The Psychological State II: Emotional Government
Governing through and on emotions
Posted Mar 10, 2014
As part of our ongoing series of posts exploring the contours of the psychological state, we are using this short reflection to consider the relationship between the psychological state and emotional governance. In our previous post (introducing the psychological state) we argued that a renewed concern with the emotional dimensions of human existence is a defining characteristic of the psychological state. While the idea that humans are fundamentally emotional beings may seem intuitively obvious, for a long-time public policy-makers have preferred to see people as primarily rational actors who are rarely swayed by emotional prompts. Within the psychological state, however, the figure of the ever rational, deliberative, self-interested, and calculating figure of homo-economicus is replaced by a more emotional citizen. In their influential book Nudge (2008), Thaler and Sunstein depict this emotional citizen as being more akin to Homo Simpson than homo-economicus! The emotional citizen is thus routinely depicted as being an error-prone and short-term decision-maker who tends to act first and think of justifications later.
For us, governmental concern with the emotional aspects of existence marks out a key moment in the history of the state. This history starts with the military state of Machiavelli’s Prince, moves through the bureaucratic state described by Weber, before entering a period of more economically oriented governance outlined by von Hayek and delivered by Thatcher and Reagan. It is helpful to position more emotional manifestations of the state within this historical context because, in many ways, emotional government is a child of previous governmental regimes. We would argue that emotionally-oriented government is a response to both the dispassionate, uncaring bureaucracies of the modern state, and the self-interested depictions of the human subject that were popularized within neoliberal forms of economic governance.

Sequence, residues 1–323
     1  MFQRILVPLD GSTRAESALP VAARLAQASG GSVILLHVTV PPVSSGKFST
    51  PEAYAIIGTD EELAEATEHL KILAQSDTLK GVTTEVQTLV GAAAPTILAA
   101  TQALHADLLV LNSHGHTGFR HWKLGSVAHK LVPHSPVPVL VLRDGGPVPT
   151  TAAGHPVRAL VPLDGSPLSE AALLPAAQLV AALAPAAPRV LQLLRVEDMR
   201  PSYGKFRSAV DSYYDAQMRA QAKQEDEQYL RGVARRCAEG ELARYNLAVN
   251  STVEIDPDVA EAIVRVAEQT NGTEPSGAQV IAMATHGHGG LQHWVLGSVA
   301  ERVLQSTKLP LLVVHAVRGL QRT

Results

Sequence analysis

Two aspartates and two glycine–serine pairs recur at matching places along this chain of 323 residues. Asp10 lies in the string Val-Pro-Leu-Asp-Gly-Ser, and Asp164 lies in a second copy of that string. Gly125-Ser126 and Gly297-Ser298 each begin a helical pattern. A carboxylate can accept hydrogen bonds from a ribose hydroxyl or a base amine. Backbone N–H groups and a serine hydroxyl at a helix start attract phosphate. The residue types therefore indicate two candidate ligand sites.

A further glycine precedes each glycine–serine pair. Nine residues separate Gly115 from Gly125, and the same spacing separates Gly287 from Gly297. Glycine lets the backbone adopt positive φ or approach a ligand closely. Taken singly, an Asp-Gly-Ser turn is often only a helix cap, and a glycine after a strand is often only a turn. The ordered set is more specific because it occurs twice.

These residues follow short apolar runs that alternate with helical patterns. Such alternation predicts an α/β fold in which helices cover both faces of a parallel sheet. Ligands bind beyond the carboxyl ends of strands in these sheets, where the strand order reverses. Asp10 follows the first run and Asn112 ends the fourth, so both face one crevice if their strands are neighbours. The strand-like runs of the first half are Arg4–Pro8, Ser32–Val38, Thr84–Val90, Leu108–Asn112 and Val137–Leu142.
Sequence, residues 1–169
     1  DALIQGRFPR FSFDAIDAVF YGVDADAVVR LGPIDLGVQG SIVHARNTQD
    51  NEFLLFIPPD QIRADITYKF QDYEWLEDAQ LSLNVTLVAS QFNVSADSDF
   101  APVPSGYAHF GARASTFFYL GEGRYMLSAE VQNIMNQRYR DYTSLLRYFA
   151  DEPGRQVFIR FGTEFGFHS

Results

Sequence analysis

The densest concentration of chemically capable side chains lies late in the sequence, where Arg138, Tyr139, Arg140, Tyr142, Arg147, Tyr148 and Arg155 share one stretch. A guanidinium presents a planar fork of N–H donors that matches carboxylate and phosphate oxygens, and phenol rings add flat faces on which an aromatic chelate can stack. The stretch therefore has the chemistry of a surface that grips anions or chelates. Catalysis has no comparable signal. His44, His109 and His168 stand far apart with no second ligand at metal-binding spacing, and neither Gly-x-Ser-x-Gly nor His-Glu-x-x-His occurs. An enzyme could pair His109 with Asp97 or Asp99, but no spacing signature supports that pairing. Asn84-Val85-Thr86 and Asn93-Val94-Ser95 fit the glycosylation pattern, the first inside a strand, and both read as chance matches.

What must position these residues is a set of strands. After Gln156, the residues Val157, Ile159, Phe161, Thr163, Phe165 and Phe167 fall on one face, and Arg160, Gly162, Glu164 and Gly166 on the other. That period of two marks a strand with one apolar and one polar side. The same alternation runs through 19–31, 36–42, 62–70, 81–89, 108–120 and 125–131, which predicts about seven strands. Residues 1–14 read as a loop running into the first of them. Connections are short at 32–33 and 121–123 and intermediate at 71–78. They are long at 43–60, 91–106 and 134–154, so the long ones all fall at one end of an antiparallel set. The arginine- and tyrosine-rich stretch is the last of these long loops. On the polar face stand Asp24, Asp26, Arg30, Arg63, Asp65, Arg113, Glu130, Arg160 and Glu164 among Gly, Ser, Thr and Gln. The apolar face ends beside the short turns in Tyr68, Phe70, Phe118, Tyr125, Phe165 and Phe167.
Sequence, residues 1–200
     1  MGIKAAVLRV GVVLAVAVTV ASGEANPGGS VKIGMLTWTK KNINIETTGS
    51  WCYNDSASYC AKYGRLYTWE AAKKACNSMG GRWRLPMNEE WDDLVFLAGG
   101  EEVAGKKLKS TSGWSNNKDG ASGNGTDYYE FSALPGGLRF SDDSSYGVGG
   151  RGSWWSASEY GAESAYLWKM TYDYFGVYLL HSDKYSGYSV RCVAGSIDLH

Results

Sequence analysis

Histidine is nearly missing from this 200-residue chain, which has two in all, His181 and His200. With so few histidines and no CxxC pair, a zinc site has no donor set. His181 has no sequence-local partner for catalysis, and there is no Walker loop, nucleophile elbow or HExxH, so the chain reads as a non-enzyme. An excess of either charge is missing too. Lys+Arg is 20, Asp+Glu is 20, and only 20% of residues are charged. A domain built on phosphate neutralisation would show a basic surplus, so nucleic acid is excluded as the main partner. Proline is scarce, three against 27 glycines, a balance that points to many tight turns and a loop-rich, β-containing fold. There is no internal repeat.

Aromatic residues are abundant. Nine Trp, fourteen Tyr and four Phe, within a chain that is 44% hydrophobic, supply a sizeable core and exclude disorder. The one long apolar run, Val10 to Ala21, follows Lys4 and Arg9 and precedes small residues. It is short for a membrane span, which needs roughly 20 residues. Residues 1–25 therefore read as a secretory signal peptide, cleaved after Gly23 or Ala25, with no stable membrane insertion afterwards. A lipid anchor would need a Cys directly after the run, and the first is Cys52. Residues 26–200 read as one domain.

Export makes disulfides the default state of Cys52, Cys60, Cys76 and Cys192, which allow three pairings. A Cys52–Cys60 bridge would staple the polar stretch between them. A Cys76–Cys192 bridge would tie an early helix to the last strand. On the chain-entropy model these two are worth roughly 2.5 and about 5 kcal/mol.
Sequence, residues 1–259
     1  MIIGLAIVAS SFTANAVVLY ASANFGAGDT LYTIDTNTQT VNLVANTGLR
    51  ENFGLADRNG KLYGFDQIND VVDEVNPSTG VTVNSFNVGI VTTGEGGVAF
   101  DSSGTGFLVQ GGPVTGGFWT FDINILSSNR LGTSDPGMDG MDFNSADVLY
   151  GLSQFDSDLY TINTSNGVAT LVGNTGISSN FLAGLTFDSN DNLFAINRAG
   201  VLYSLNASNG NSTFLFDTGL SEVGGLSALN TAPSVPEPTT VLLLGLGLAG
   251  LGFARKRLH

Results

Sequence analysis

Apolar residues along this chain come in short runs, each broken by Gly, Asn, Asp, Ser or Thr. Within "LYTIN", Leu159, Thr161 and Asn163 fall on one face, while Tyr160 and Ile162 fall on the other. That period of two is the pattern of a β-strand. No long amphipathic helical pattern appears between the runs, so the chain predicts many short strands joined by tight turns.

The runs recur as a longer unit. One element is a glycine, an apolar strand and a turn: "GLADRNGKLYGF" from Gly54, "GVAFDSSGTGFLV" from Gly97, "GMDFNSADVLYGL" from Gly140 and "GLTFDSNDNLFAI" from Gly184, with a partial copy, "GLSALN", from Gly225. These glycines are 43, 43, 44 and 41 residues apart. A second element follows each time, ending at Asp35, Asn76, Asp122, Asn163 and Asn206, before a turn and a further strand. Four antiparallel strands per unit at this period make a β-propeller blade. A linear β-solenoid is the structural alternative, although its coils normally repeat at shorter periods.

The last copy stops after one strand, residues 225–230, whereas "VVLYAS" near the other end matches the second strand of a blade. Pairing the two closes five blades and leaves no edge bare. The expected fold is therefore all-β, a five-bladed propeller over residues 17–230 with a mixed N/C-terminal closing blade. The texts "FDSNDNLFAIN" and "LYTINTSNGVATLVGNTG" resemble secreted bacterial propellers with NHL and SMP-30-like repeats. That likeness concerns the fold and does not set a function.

While it is now widely acknowledged that government has taken a more emotional turn, relatively little has been said about what this transition may involve. In the remainder of this post we outline some ways in which we might start to think about and question emotional government.
In order to understand emotional government it is important to have some sense of what we mean by the term emotion. While we all have some sense of what expressed emotions such as joy, fear, anxiety, excitement, anger, pleasure, and pain are, explaining emotions is a much more difficult task. Emotions are often associated with felt sensations that are not easily explained in rational terms. Emotional systems of government recognize that emotions are a crucial aspect of human decision-making, but they also emphasize the varied points of origins from which emotional prompts to action come from. While at one level emotions can be the product of very personal forms of response to situations, they are also the product of the social and environmental contexts within which humans live. Emotions are thus part of the social fabric that constitute forms of inter-personal reciprocity and debt, cultural norms, and peer pressure. Emotions are also intimately tied to the physical environments within which we live our lives (from the fears that may prevent us from walking in a city at night, to the pleasures we derive from contemporary spaces of commercial consumption). On these terms, emotional systems of government are not only interested in the more-than-rational forces (such as fear and joy) that shape human behaviour, but also in the broader socio-cultural contexts within human decisions are made. This is, of course, a far cry from economic systems of government, which view the human subject as an isolated, cold-blooded and self-serving actor.